China to Open World's Largest Bible Production Plant

China will open the largest Bible production factory in the world early next year, according to a leading U.K. newspaper.

Amity Printing, China's only authorized Christian publisher, plans to open the new plant on the edge of the eastern city of Nanjing to meet the country's heavy demands for Bibles, reported The Times of London. The new factory will be the world's single-biggest producer of Bibles with the capacity to print 1 million Bibles a month – increasing the current output by a third.

"This platform has been built as a blessing to the nation," said New Zealander Peter Dean of the United Bible Societies, according to The Times. The United Bible Societies, a Protestant organization, works with Chinese Christian charity to print Bibles under Amity Printing.

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"It will print Bibles for China for as long as it takes to do it," added Dean, who has been at Amity in China since 1991.

Last year, Amity printed 3.5 million Bibles and expects the number to rise for 2007. In total, China's Amity Printing has produced over 50 million Bibles since 1986.

Demand for Bibles is increasing in officially-atheist China and some contend the high demand is tied to the country's recent economic boom.

"Rising wealth means that more and more people have been able to meet their material needs, the need for food and clothing," said Li Baiguang, a prominent human rights lawyer and Christian activist. Li was one of three Chinese house church leaders who were invited for the first time to the White House and met with President George W. Bush last year.

"Then they are finding that they need to satisfy their spiritual needs, to look for happiness for the soul," he said. "In addition, they are seeing a breakdown in the moral order as money takes over. Thus, more and more people are turning to Christianity."

Authorities in China say the official number of Christians, both Protestant and Catholic, is about 30 million. But the figure does not include house churches or the so-called "underground" churches that function outside of government jurisdiction. The number of Christians worshipping in unregistered churches is as high as 100 million, in some estimates.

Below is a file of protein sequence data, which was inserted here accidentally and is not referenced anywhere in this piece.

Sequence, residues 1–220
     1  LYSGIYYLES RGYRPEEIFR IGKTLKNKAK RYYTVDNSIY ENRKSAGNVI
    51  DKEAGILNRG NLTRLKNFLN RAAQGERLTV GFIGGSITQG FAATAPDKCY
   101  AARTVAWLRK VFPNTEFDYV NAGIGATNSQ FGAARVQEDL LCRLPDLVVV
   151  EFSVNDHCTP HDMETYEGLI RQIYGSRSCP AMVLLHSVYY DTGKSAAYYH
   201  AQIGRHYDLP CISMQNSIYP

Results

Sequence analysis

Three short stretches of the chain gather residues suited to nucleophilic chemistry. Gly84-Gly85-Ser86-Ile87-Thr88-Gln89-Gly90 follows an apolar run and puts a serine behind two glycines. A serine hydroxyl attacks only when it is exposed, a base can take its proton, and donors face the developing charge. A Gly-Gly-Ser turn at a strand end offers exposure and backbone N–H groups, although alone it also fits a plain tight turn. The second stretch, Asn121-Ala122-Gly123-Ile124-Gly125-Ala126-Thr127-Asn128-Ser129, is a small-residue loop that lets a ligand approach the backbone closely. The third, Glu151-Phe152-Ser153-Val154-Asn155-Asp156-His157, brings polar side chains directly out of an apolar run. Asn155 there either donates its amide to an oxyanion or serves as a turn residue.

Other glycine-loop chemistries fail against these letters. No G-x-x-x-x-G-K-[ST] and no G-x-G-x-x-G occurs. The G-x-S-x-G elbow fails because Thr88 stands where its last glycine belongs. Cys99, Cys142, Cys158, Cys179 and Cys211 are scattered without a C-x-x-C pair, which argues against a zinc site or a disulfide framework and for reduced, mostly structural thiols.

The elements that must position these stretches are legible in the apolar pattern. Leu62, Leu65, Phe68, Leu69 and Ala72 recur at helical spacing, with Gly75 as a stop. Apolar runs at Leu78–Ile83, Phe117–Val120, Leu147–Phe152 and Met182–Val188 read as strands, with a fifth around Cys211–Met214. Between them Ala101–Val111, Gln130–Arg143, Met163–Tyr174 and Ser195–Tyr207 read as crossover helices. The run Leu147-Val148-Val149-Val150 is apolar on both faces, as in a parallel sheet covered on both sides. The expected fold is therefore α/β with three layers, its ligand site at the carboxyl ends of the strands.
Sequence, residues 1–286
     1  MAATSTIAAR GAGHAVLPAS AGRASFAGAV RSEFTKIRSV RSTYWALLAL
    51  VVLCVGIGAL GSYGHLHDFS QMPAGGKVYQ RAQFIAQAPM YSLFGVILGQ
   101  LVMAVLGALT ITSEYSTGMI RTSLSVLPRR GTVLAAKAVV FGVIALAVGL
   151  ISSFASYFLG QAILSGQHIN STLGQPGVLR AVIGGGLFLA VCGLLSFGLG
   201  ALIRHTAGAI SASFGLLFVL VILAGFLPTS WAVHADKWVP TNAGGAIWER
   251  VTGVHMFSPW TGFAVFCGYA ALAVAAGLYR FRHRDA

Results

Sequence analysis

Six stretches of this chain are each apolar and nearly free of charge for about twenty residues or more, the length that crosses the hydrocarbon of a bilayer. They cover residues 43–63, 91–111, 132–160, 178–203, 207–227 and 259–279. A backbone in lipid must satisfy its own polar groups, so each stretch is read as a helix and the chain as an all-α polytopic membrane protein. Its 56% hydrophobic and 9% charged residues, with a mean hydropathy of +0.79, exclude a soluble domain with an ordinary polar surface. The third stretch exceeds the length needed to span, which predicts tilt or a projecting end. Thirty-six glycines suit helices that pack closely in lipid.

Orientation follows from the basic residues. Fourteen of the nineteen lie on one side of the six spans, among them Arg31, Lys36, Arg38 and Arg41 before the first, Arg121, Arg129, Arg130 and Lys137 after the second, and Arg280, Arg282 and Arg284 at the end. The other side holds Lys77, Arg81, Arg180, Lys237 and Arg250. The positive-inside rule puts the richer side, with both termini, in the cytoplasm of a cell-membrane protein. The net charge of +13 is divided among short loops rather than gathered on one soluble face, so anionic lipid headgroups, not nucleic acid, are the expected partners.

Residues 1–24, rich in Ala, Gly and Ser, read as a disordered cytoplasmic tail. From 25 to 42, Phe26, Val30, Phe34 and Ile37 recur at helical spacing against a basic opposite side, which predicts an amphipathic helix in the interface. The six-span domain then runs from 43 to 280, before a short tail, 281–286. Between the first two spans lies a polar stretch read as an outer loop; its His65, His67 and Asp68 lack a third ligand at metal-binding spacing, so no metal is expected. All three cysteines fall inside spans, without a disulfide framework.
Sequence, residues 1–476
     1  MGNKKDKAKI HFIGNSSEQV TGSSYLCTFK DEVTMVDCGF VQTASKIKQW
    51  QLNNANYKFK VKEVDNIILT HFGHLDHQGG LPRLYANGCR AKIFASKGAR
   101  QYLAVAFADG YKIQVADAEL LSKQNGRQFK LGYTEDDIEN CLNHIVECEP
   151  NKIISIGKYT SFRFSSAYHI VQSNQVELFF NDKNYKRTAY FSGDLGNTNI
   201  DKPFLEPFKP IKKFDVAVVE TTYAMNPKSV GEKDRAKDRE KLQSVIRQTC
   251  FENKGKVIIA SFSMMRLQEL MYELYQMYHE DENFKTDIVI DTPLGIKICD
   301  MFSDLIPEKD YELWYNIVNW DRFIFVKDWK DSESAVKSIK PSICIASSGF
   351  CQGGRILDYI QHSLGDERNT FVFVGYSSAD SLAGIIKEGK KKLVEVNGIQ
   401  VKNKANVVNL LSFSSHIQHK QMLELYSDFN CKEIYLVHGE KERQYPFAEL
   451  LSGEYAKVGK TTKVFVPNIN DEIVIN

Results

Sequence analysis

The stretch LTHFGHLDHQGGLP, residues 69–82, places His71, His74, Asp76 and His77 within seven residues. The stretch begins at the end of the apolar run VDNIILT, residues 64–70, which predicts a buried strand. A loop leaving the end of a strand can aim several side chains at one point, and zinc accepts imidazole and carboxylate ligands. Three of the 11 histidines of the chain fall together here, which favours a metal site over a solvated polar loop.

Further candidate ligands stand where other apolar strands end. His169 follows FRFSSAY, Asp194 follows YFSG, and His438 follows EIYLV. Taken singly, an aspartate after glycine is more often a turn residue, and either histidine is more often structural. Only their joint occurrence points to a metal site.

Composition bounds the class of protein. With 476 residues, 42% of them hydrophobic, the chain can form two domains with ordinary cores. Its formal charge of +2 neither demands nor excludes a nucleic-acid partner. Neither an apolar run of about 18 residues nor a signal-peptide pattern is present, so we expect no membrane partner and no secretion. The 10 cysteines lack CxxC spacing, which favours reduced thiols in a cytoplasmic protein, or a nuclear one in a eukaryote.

Many Chinese Christians choose to worship in unregistered churches – an act which is illegal – because they argue that Jesus Christ, and not the government, is the head of the church.

Registered churches are under close supervision by the communist government, which regularly intervenes in church affairs such as appointing bishops not approved by the Vatican to head registered Roman Catholic churches.

The Chinese government also strictly regulates the sales and distribution of Bibles in China. Bibles are sold through certain vendors managed by the official church. Mainstream Chinese bookshops are not allowed to carry Bibles.

Chinese Christians have been arrested and imprisoned for printing Bibles and religious literature. Prominent house church pastor Cai Zhuohua was released in September after serving a three-year prison sentence for printing religious materials.

Authorities had confiscated more than 200,000 copies of Christian literatures, including Bibles, from his house in 2004. The Chinese court also gave a prison sentence to his wife and his brother for helping Cai print the Christian materials.

Cai reportedly was ordered by government officials upon his release to not speak about his ordeal, according to China Aid Association (CAA), a Chinese Christian rights group.

While Cai was freed in September, another house church leader, Zhou Heng, was arrested in the same month in the southwest autonomous region of Xinjiang for receiving 3 tons of Bibles, which were printed in another Chinese city, according to CAA.

Overseas evangelical groups have often pointed out that access to religious material remains difficult in China despite the Chinese government's claim that it prints a sufficient number of Bibles. Government regulated Bibles are distributed only at a limited number of authorized bookstores and state-owned churches, making it difficult for rural Christians to attain a copy.

The U.S. Commission on International Religious Freedom, a bipartisan body responsible for monitoring religious freedom in the world, recommended that China be included in the list of Countries of Particular Concern (CPC). The list, designated by the U.S. Secretary of State, identifies the world's worst religious freedom violators.

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